San Francisco's Chinatown
Chinatown San Francisco is one of the few districts that enjoys widespread recognition beyond the city borders. Every day, thousands of tourists go to this area to people-watch, photograph the more or less historically accurate homes, and give in to the temptations of the stores and restaurants that line the streets.
Chinatown in San Francisco was established around 1850. In instance, around the year 1850, the United States imported large numbers of low-wage but willing immigrants from Asia, primarily China, to work on the transcontinental railroad and the renewed gold rush.
Ironically, the “natives” were not always on good terms with the new immigrants, so the latter built their own stores, restaurants, and, of course, dwellings in a separate neighborhood.
After the devastating earthquake of 1906, much of the old building had to be demolished and then reconstructed.
Present circumstance While many of Chinatown’s stores, eateries, and residences have stayed unchanged over the past three decades, the neighborhood’s focus has shifted from supporting its local community to catering to tourists.
Many immigrants are forced to move out of Chinatown because it has become too expensive for them to do so, and the hordes of tourists — officially more than at the Golden Gate Bridge — can easily make more money than the locals.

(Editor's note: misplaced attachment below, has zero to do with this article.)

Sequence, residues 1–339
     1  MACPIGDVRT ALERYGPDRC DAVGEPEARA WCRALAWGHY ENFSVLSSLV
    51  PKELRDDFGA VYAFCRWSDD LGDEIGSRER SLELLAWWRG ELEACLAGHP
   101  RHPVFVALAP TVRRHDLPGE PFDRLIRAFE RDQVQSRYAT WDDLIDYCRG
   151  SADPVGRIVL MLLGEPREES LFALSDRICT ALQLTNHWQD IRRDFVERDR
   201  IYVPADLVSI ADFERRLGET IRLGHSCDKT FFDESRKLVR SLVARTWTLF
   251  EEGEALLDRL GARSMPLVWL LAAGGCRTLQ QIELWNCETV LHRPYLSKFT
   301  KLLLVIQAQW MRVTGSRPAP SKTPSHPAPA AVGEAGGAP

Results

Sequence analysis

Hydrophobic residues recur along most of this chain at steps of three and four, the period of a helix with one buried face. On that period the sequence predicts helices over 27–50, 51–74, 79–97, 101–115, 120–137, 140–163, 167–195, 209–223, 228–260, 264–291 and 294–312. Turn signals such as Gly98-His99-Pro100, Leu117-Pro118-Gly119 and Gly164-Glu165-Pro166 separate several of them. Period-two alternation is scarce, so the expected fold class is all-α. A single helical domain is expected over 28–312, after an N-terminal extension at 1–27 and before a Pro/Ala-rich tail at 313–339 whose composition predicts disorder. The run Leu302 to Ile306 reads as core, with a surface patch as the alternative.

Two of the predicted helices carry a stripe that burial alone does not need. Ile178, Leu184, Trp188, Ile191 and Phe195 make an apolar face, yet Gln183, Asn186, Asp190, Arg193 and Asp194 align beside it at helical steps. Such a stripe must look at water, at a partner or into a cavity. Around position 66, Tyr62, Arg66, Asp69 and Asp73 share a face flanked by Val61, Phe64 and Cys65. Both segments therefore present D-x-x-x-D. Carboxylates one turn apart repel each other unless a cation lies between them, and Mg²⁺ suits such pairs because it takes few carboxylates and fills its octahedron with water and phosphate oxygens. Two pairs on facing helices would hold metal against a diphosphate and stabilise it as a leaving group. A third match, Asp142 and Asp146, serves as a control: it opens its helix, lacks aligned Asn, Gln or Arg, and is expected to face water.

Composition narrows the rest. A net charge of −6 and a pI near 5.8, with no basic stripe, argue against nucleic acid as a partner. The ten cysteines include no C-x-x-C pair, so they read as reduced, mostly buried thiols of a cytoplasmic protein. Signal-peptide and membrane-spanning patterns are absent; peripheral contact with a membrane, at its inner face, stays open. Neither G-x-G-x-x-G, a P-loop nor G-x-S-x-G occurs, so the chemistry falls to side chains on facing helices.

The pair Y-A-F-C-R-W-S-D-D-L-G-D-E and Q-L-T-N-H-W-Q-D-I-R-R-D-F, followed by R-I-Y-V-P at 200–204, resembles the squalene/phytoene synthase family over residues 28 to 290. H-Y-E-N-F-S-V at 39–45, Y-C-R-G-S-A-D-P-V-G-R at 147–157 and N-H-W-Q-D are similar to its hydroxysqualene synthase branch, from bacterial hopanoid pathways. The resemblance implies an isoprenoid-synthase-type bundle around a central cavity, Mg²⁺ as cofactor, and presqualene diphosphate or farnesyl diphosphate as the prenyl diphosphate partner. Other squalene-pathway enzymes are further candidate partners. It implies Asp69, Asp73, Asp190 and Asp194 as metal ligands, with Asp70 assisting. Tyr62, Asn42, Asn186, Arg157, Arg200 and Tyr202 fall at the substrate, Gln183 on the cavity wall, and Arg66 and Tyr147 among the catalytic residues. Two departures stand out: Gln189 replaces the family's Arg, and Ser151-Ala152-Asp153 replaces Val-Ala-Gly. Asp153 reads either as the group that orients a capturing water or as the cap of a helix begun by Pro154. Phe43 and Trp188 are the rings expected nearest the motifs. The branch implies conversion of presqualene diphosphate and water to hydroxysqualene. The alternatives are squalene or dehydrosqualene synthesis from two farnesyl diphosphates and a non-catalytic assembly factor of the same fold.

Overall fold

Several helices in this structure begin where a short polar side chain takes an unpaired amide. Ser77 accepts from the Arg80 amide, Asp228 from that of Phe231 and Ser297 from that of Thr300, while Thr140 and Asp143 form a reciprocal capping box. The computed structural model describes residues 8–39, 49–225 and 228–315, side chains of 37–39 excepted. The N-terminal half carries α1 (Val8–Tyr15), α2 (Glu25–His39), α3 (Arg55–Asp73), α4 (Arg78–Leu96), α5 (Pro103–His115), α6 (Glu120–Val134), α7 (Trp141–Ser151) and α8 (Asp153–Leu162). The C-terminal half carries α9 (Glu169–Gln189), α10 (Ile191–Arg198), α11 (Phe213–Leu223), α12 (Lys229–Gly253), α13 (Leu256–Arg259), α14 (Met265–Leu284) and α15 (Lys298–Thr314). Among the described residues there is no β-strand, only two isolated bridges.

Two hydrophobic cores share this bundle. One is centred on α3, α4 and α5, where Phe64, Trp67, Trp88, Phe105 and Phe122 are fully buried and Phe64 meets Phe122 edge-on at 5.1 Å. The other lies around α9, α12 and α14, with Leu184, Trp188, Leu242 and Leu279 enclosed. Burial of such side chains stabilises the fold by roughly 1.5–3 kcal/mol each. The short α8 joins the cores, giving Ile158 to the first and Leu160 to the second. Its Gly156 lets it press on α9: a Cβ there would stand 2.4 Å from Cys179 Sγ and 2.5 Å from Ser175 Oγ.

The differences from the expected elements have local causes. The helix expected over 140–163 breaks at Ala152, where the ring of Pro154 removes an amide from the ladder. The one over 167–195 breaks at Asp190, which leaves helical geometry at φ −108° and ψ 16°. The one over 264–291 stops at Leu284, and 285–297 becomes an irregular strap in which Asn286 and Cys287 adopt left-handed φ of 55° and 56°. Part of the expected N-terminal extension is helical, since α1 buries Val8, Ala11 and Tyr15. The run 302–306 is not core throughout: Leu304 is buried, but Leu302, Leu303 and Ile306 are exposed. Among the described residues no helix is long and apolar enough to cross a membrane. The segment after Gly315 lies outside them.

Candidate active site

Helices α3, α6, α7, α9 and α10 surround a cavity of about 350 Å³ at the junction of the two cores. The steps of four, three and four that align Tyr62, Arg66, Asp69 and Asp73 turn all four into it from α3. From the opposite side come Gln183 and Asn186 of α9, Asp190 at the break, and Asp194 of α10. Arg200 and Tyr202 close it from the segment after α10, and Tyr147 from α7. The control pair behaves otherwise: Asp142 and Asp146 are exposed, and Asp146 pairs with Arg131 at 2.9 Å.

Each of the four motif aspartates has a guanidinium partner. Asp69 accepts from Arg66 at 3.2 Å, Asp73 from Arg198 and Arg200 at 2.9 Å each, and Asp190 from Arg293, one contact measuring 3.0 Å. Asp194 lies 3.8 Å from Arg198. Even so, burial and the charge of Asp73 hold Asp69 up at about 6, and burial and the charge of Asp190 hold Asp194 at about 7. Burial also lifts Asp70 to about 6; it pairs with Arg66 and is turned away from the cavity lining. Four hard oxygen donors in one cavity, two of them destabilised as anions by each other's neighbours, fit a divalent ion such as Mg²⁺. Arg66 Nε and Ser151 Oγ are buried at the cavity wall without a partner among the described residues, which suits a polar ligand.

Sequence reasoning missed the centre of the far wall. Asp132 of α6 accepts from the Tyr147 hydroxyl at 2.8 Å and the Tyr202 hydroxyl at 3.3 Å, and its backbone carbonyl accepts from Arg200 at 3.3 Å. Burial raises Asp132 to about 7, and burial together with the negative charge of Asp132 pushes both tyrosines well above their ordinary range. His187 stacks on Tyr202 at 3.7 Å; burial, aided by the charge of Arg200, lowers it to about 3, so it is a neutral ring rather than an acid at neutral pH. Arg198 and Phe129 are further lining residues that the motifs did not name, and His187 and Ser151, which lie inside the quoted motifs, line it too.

Even middle-class residents are finding that “gentrification” is creating unwelcome conditions.
Chinatown is located about two blocks north of the Union Square shopping district, near the geographic centre of downtown, between Market Street and van Ness Avenue and the Embarcadero.
While it is impossible to precisely demarcate the district’s borders, most tourists visit the area between Bush Street and Broadway, specifically between Grant Avenue and Stockton Street.
Visitors travelling between the southern Market Street and the northern Fisherman’s Wharf should make a pit stop in Chinatown. To the east, you can see the Transamerica Pyramid, which is also a sight to behold.
Dragon Gate, at the corner of Grant Avenue and Bush Street, is the first stop for most guests to the area. In addition to its beautiful design, the fact that it is the only gate in North America to meet Chinese standards for such an entrance is reason enough to visit.
Keep going north on Grant Avenue, and you’ll find lots of places to dine and buy that cater specifically to tourists. That won’t be a problem for some people, but it does point towards the reality of modern China.
Stockton Street, which runs parallel to the west, is a bit more peaceful and, perhaps, genuine.
However, there is a severe limitation on the ability to recognize real sights. It’s best to view the sights with a fair dose of skepticism and appreciation for the truly stunning facades.
The Golden Gate Fortune Cookie Factory, located in Ross Alley (famous from Indiana Jones and other films) and producing fortune cookies, is an excellent tourist destination. The Waverly Place and Pagoda should have been on your itinerary as well.
Last but not least, reliable dining recommendations can be hard to come by because restaurant prices, ownership, and quality are always subject to change.
Aside from avoiding the pubs on Grant Avenue, nothing about the Chinese BBQ could be more on the money. You will have more luck finding something to eat or drink in a less touristy area, such as a side street.